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Wednesday, September 4, 2013

4 ways to build a savings account and empower your personal finances

Saving money can be a lot harder than it sounds.  Even when you remember to put a few hundred dollars away emergency's come up and next thing you know your bank account is drained once again. So it's important to figure out a strategy to enable yourself to save enough money while also laying out a foundation for long term financial stability.

Opening up a savings account is the first step to efficient money management.  Though there will be some hurdles to climb along the way, the road to financial stability does not have to be a long one.  Here are five ways to build your savings account and create a future of monetary success:


The first step to saving is by spending less money.  The easiest way to do this is to track your expenses.  There are many free apps you can download such as Mint, which automatically updates your spending and transactions without any user input required, or this website provides a free tool to help you budget for rent, bills, food, gas, and extra money to put into savings.

Often times you will begin to notice the unnecessary small purchases that can add up quick.  Try to make small changes by eliminating your daily gas station runs and making an effort to eat in more.  Cutting down on costs in the short run end up making a big difference in the long scheme of things.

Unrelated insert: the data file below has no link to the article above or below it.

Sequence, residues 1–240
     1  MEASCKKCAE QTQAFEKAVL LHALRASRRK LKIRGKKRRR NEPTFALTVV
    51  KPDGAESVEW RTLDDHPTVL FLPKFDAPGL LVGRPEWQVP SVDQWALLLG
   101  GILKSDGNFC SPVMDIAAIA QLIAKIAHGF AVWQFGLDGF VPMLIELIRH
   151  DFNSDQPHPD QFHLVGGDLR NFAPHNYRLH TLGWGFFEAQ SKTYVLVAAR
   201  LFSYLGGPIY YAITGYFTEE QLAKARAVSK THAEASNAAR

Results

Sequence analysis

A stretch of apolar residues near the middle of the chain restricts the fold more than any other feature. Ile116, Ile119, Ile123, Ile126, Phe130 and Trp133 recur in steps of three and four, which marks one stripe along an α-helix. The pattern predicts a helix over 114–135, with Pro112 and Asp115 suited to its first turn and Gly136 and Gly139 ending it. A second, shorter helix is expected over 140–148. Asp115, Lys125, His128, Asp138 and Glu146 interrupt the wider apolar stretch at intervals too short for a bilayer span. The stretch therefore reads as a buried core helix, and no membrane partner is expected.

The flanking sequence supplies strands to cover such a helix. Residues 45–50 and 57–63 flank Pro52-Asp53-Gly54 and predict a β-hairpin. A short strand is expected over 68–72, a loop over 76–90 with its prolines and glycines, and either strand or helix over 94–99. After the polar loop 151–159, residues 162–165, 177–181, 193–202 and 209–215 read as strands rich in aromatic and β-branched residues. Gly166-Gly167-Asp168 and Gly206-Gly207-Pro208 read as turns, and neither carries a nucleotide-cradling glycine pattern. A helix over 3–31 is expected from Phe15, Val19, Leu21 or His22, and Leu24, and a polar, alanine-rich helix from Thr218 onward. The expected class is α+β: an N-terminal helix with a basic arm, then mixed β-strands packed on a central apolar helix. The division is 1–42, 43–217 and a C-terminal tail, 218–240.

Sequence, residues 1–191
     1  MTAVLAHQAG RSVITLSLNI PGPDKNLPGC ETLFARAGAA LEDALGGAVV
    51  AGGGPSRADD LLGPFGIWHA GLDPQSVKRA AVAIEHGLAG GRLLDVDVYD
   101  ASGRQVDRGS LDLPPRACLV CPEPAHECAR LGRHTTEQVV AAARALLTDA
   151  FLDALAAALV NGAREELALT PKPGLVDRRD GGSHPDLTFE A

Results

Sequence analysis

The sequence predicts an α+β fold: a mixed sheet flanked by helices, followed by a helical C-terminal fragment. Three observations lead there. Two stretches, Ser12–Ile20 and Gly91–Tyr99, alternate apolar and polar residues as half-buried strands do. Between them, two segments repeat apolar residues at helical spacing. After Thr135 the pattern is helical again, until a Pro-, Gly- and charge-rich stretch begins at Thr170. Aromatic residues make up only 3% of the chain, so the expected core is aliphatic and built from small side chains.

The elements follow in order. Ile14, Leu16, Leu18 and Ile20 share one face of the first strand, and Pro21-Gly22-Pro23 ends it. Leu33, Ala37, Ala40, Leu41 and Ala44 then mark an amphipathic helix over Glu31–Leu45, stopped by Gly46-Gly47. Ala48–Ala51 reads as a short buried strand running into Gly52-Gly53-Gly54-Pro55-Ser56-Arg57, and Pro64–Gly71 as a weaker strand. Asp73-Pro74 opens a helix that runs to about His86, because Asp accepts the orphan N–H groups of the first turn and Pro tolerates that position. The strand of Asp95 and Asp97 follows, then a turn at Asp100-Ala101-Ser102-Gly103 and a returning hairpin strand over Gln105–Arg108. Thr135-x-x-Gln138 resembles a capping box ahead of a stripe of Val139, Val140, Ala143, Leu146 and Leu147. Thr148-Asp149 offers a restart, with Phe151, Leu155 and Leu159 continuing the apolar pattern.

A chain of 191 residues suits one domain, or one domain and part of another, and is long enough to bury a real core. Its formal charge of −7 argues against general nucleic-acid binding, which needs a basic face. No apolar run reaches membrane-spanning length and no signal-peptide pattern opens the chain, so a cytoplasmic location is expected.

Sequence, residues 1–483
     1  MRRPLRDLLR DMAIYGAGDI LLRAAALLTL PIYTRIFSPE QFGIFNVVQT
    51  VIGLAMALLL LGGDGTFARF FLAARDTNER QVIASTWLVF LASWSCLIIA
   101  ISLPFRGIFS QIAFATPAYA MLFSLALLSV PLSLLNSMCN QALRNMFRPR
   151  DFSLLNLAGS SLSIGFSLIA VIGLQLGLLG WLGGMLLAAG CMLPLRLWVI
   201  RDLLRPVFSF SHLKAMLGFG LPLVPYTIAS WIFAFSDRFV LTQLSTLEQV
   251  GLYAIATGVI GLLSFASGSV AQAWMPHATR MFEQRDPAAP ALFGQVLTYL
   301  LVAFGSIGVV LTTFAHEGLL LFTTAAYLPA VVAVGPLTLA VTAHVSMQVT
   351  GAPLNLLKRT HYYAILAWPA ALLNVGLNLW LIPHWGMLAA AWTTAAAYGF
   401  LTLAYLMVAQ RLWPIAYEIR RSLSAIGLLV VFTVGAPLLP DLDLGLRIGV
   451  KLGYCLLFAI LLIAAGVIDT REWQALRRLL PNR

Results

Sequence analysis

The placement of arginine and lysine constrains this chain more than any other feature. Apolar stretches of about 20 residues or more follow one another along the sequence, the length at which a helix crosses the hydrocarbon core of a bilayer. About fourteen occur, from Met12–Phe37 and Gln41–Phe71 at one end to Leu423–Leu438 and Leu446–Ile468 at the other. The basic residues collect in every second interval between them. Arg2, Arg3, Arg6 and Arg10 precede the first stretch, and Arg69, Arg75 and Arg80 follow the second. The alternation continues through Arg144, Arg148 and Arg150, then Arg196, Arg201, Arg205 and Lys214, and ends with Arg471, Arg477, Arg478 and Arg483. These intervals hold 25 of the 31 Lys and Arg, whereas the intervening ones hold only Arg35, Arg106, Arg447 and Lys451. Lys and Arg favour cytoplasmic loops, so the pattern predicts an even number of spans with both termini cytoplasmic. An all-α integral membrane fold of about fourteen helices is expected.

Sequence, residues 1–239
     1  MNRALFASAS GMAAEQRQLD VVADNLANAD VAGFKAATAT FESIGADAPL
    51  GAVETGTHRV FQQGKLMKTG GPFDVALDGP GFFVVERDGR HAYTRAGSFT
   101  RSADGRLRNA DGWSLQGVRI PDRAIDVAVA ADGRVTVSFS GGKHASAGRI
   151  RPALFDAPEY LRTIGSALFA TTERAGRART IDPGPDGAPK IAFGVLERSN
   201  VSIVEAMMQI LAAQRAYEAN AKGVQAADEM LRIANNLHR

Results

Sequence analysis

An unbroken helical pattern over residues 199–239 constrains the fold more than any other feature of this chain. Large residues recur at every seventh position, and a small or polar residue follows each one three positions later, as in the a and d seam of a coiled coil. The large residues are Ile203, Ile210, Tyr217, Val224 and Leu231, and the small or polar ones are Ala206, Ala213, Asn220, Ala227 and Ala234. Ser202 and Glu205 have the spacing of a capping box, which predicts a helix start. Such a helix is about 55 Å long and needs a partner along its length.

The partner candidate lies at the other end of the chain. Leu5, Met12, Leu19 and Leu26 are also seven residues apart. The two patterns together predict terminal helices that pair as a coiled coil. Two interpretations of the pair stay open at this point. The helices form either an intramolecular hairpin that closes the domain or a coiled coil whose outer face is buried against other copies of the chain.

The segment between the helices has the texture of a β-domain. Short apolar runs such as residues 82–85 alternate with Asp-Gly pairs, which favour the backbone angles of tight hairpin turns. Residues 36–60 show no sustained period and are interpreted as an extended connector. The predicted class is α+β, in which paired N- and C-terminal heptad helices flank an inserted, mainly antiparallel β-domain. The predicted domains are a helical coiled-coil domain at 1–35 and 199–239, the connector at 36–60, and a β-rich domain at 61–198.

The biggest thing to remember to is hold yourself accountable.  The biggest barrier is to not make it a habit of saving instead of spending.


The easiest way to create a new habit is to make it automatic.  Automatically depositing a portion of your paycheck into a savings account or arranging monthly transfers from a checking account is the easiest way to get into a routine that adds to your account balance.  This way, you don't even need to hold yourself accountable.  The money will always end up exactly where it needs to be.


Only withdraw money as you need it.  The more money you withdraw, the less likely of a chance it has to end up back in the bank account.

The good thing is most savings accounts these days have a maximum number of withdrawals to be used in a period of time, usually around no more than six in a month.  After this point, the bank will usually impose excessive withdrawal fees.


It's important to monitor the balance in your bank account as most banks these days charge high fees if your account balance dips below the minimum requirement.  This also applies when your bank account goes into the negative.   The best way to avoid this is to keep a close eye on your balance and for any pending charges that may not have been processed through yet.

Technology is greatly improving this issue.  Most American's now have the ability to check their bank activity by logging in through a mobile app or even texting their bank for account balance information.  Checking the balance in your bank account can be easily done once a day and can keep you from paying a lot in fees.

Saving money and creating financial stability is something that can be attained by anyone.  With a little practice and a conscious effort, the road to building a savings account does not have to be far ahead.

Fore more information on financial advise, please contact us by clicking here or by sending an email to info@ranlife.com  

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